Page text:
Consider Sir Isaac Newton’s Third Law of Motion: “For every action there is an equal and opposite reaction.” This law applies to a car accident at any speed. Using the analogy of hitting a pool ball into the corner pocket straight on, when the cue ball stops, its momentum is transferred to the target ball which accelerates at the same speed…hopefully into the corner pocket!

This example is not quite the same as an automobile collision because the energy transfer is very efficient due in part to the two pool balls not deforming (crushing or breaking) on impact with one another. If either ball did deform, more energy absorption would occur and the acceleration of the second ball would be lower.

In fact, in the United States, vehicle bumpers are tested at 2.5 mph with impact equipment of similar mass with the test vehicle’s brakes disengaged and the transmission in neutral. National Highway Transportation Highway Safety Administration (NHTSA) vehicle safety standards demand that no damage should occur to the car in this scenario.

However, energy transfer occurs very quickly and with a greater amount of force when there is no vehicle deformation (damage). As a result, a greater amount of energy (described as G-force) is directly transferred to the occupants inside the vehicle—increasing the risk of injury. A 1997 Society of Automobile Engineers article provided an example in which the same 25 mph (12 m/s) collision resulted in a five-times greater force on the occupants of the vehicle when the crush distance of the impact fell from 1 meter to .2 meters.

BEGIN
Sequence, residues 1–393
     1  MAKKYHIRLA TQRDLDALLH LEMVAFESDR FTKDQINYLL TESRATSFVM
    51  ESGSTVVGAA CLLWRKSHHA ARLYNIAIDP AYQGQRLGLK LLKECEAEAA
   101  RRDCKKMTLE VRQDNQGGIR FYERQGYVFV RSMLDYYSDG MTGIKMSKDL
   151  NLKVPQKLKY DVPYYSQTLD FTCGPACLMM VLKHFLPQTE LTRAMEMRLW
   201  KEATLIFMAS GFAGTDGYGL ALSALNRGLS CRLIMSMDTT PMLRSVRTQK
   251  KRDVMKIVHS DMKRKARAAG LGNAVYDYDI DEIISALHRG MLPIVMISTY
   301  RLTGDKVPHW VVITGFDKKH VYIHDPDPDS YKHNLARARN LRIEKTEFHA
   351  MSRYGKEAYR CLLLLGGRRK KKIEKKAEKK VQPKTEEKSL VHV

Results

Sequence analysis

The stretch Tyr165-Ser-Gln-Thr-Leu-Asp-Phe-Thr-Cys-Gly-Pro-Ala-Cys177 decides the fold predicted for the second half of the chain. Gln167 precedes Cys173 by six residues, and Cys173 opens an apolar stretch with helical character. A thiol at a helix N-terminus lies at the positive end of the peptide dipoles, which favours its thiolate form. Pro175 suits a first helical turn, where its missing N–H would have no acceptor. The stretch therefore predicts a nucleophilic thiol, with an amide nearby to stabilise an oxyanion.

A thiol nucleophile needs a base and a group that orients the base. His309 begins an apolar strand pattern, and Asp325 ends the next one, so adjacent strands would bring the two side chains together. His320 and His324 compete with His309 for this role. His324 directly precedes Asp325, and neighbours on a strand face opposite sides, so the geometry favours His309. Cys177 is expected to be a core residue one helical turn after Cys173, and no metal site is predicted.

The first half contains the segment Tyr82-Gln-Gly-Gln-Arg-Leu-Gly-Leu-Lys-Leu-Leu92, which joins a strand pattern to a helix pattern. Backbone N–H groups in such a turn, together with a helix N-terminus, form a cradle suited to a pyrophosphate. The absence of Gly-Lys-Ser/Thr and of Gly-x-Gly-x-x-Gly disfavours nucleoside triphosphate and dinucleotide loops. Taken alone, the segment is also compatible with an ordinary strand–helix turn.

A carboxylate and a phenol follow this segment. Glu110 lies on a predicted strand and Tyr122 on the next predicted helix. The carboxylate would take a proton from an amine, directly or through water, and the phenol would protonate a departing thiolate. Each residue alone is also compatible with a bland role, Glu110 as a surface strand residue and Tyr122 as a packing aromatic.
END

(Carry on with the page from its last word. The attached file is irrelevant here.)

So be aware that even low-speed impacts can still place quite a bit of force on your body, even if the bumper of your car doesn’t have a scratch on it.

What to expect from a trigger point massage

ession Description

 

A treatment with Bryan is very user friendly. And, no, you don’t have to remove any clothing. However, bringing a t-shirt and a pair of shorts or sweats is recommended.

 

The first time you come for a treatment you will be asked to fill out a Client History form. Bryan will go over the information you provide, asking for more detail and discussing the type of pain you are having and its location.

 

The treatment itself involves locating the Trigger Points in the muscle or soft tissue and applying a deep focused pressure to the Point. This will reproduce the pain and the referral pattern that is characteristic of that pain.

 

The treatment will be uncomfortable at first, but as the Trigger Points release, the pain will decrease. The pressure will always be adjusted to your tolerance level. If, at any time, you feel too uncomfortable you can ask Bryan to ease off a bit.

 

Depending on your specific problem, Bryan may also use some stretching and / or range-of-motion techniques, as needed.

 

After treatment, it is usually recommended that the client apply moist heat to the area treated.

 

Trigger points

Trigger Points in muscle and other soft tissue are one of the most common causes of a wide variety of pain and dysfunction, including (but not limited to):

 

• Achy persistent pain
• Severe local pain
• Arm / leg pain
• Back pain
• Radiating pain
• Weakness
• Stiffness

• Pain resulting from a medical condition, such as
– Migraines
– Sciatica
– TMJ dysfunctions
– Arthritis
– Fibromyalgia
– Carpal tunnel syndrome
– Soft tissue injuries
– And more…

Trigger points in the sternocleidomastoid muscle.

The Sternocleidomastoid muscle is a strap like muscle in your neck. It originates on the manubrium and medial clavicle. It inserts on the mastoid process of the temporal bone, and the superior nuchal line. This muscle acts alone to rotate the face to the opposite side and lift it two rod the ceiling. Together they flex the head and neck. Trigger points in sternal division of this muscle refer pain to the cheek and along the supraorbital ridge. The lowest points refer down to the sternum. The highest points refer to the occipital ridge and vertex of the head. Trigger points in the costal division refer to the into the forehead. The most superior trigger points refer into the ear, and can postural dizziness.